All right. There is one more calculated field that we need. And that is to take whatever measure I am sorting by times the Sort Order parameter, so Ascending or Descending. It’s a very simple calculated field. I’ll call this Sort Order. I’ll call this Sales Sort Order, because that’s the metric that I’m using. And by the way, you will need this calculated field for each metric that you are sorting by. That’s the one drawback with this.
In this example, both my bar charts use the metric of Sales. But let’s say I had a third bar chart that looked at Profit. I would need another calculated field called Profit Sort Order. However, the good thing is, whether I’m using one metric or five metrics, all of them are multiplied by the same parameter. So there’s still one parameter that controls all the sort orders. But there are a couple of extra steps if you need to sort across multiple types of measures.
But the whole formula is right there, SUM of Sales times Sort Order. I’ll click OK. And the last thing I need to do before putting this all together is to make sure both of my bar charts on those individual sheets are sorted by this newly created Sales Sort Order calculated field. So I will go into the Sales by Region bar chart, click on the dimension I’m sorting by, and click Sort.
This is very customizable. But we are going to sort by a specific field. And we’re going to sort in descending order by default. And I’m looking for that Sales Sort Order calculated field. So that is the logic for my sort. I need to make sure I do the exact same thing on my second bar chart. So I’ll click on the dimension I’m sorting by, click Sort. It’s a specific field in descending order. And it is my Sales Sort Order.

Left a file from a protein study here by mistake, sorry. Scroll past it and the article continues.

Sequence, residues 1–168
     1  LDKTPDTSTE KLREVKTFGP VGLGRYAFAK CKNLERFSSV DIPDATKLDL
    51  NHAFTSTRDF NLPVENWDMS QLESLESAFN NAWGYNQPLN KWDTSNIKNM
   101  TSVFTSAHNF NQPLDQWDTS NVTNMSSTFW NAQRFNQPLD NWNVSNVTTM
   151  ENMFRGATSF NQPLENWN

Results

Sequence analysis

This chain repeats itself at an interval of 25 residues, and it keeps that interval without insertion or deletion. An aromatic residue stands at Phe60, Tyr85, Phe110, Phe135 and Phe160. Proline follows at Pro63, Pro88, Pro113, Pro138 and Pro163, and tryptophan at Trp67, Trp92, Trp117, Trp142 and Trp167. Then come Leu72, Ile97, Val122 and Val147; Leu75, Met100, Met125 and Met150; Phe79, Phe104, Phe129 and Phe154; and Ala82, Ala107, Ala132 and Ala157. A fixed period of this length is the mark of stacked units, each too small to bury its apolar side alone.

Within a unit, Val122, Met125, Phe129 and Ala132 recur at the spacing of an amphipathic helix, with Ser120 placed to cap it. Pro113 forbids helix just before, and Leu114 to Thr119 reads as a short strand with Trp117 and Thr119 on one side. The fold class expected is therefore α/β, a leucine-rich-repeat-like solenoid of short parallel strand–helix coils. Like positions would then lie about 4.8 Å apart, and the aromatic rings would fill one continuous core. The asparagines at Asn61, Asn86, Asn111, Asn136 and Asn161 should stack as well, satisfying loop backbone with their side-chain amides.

The reason the aggregation says Custom, by the way, is because we put the aggregation of SUM in that calculated field. Tableau recognized that. You can’t have an aggregate of an aggregate unless you’re using level of detail expressions. So it just says custom. It’s stuck at SUM of Sales. Close that.
Now, we’re ready to bring this together. So on my dashboard– and if you’re following along and doing this in your own business, obviously you need to put all the sheets you’re wanting to sort on the same dashboard. I’d already set that up. But I am going to add that third sheet that we created together. I’m going to add that at the very top. And I’ll make this fit the entire view and make this significantly shorter, maybe center this. Obviously, you can take the formatting as far as you would like. I don’t need this shape legend. So I’ll get rid of that.